I wanted to take a break from all the art and fashion and really get real with you guys for a second. Today when i was driving home I just started thinking about life and all the many chapters I have. From highschool when i was trying to be edgy , then college when i partied way to hard til now.
It never fails to hear criticism from everyday people. Take for example the shopping trip to the mall I had just the other day. It was gorgeous out so I put a little more effort into my outfit and put on a striking lip color, blue. I was looking for a new look that felt like me, and fell head over heels for the color. As I glanced in the mirror, I loved it even more and headed out to the mall. I felt so confident until I felt eyes of two ladies burning into my skull. Of course it had to be the lipstick and I dismissed it until I heard one of the women whisper to her friend “why would she come out the house looking like that? ” followed by some quiet snickering. I rushed to the dressing room to examine myself, only to find nothing was wrong.
“It must be the lipstick ” I thought, realizing that the only colors you see on people’s lips are either pink, red, or purple. I was different and that didn’t sit well with them. As I put a Kleenex to my lips to wipe off the beauty faux pas, I paused. Why should I change who I am or what I like for people I don’t even know & probably won’t ever see again? I took me 22 years to be comfortable in my skin and be confident enough to wear whatever I wanted. Why stop now just because it’s not someone else’s cup of tea? Everyone isn’t going to like you, or what you do. As long as your happy and proud of yourself everyone else can go suck it.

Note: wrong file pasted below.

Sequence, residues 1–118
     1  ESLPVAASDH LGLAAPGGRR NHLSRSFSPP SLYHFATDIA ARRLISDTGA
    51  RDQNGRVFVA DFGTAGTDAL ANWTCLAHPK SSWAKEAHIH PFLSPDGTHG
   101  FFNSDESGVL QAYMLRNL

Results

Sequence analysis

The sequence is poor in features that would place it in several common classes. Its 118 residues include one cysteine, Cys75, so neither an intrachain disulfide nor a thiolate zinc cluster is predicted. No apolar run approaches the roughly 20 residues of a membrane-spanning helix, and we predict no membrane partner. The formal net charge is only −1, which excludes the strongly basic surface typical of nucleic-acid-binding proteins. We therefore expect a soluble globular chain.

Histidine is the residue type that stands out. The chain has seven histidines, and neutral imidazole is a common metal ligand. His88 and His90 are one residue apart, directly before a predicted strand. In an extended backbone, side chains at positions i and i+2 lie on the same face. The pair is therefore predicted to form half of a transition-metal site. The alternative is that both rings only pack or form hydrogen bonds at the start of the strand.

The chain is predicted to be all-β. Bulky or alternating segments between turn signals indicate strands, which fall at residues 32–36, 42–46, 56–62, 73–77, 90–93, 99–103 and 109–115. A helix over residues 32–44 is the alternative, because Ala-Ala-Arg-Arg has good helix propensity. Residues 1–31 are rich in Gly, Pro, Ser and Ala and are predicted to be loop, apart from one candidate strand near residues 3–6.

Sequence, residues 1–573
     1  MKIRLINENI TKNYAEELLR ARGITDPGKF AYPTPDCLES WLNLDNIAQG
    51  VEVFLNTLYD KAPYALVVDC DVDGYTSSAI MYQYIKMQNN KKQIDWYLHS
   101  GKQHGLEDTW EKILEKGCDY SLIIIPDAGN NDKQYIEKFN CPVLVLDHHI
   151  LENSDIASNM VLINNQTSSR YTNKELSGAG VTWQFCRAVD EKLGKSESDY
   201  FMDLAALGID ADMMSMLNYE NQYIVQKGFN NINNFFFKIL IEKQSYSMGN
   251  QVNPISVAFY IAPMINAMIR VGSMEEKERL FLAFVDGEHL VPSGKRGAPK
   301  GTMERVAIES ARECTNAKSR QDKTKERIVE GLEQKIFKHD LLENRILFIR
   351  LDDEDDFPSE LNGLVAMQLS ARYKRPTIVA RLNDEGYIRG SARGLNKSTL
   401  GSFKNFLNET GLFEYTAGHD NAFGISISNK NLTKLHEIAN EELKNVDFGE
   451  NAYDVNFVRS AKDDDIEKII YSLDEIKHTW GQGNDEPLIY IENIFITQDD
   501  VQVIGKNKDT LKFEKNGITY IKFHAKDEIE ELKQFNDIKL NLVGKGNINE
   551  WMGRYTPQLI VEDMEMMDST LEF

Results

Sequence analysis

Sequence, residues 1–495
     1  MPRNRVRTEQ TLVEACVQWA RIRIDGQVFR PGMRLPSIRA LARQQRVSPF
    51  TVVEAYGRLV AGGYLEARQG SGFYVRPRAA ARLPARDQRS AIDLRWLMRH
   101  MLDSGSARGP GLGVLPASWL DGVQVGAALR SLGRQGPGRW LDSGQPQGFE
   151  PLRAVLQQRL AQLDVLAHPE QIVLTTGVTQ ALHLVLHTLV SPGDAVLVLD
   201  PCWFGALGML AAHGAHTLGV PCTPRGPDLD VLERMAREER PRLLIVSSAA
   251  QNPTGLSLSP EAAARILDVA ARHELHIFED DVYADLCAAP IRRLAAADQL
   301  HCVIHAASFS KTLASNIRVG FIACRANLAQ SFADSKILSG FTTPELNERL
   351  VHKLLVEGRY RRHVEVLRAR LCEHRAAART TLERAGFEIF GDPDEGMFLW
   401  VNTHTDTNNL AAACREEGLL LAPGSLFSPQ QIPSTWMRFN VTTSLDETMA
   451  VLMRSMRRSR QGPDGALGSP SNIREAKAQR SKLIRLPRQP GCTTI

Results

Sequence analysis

Reminding myself of that I wiped off the lipstick and applied a fresh coat of the same blue shade adding a shimmery glossary to make it stand out even more and walked out the dressing room head held high. As I continued shopping I said a polite hello and smile to the two ladies that laughed at me earlier. As I continued shopping through the mall I felt the eyes of hundreds of strangers fall upon me, this time however, I didn’t flinch or hide my lips in shame. I proudly smiled and wore my blue lipstick with pride. Finally happy with myself and needing no one else’s approval on my appearance I gained more confidence and self respect. Don’t mind what others say or do. No matter what you do someone is going to hate it. Everyone is different, everyone has different opinions of what’s beautiful and what they deem acceptable. So they’re going to talk, people love to talk! So you might as well give them a hell of a story.
- You can expect to have time off work to celebrate religious holidays.
- Music and television programs pertaining to your religion’s holidays are readily accessible.
- It is easy to find stores that carry items that enable you to practice your faith and celebrate religious holidays.
- You aren’t pressured to celebrate holidays from another faith that may conflict with your religious values.